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US Special Forces Suspend Training of Afghans

  • VOA News

British troops keep watch at a checkpoint, where an Afghan policeman shot and killed three British soldiers, in Helmand province July 2, 2012.

British troops keep watch at a checkpoint, where an Afghan policeman shot and killed three British soldiers, in Helmand province July 2, 2012.

NATO struggles to stop attacks on international forces by Afghan colleagues

The U.S. military in Afghanistan says it has temporarily halted the training of Afghan Local Police in order to redo the vetting of current members after a string of attacks by Afghan soldiers and police on their international allies.

Forty-five international troops have been killed in a wave of insider attacks in Afghanistan this year, throwing doubt on the ability of Afghan and coalition forces to live and work together during a key time in the transition to Afghan control of security. International forces are set to hand over responsibility for the country's security to Afghans by the end of 2014.

Colonel Thomas Collins, a spokesman for U.S. forces in Afghanistan, said Sunday in a statement the pause in training affects about 1,000 trainees of the Afghan Local Police.

Afghan Local Police forces that have already been trained will continue to operate.

A report in The Washington Post said the re-vetting process would affect more than 27,000 Afghan troops, including the Afghan National Army and the Afghan National Police.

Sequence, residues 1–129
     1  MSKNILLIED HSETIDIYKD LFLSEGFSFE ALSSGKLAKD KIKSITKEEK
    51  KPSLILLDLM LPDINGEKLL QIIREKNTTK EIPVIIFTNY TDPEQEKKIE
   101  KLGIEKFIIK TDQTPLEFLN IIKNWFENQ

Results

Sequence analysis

The newspaper said Saturday the insider attacks had forced NATO officials to acknowledge what the Post called a "painful truth" -- that the killings might have been prevented if existing security measures had been applied correctly.

U.S. forces in Afghanistan train the Afghan Local Police.

NATO is responsible for training recruits for the Afghan National Army and the Afghan National Police. NATO has not suspended its training.

The Washington Post report says many military guidelines were not adhered to by Afghans and Americans because they did not want to hinder the growth of the Afghan army and police.

Special Operations officials say the current vetting process is effective, but lacks a follow-up that would screen out Afghan troops who have fallen under the influence of the insurgency or who have grown disillusioned with the Afghan government.
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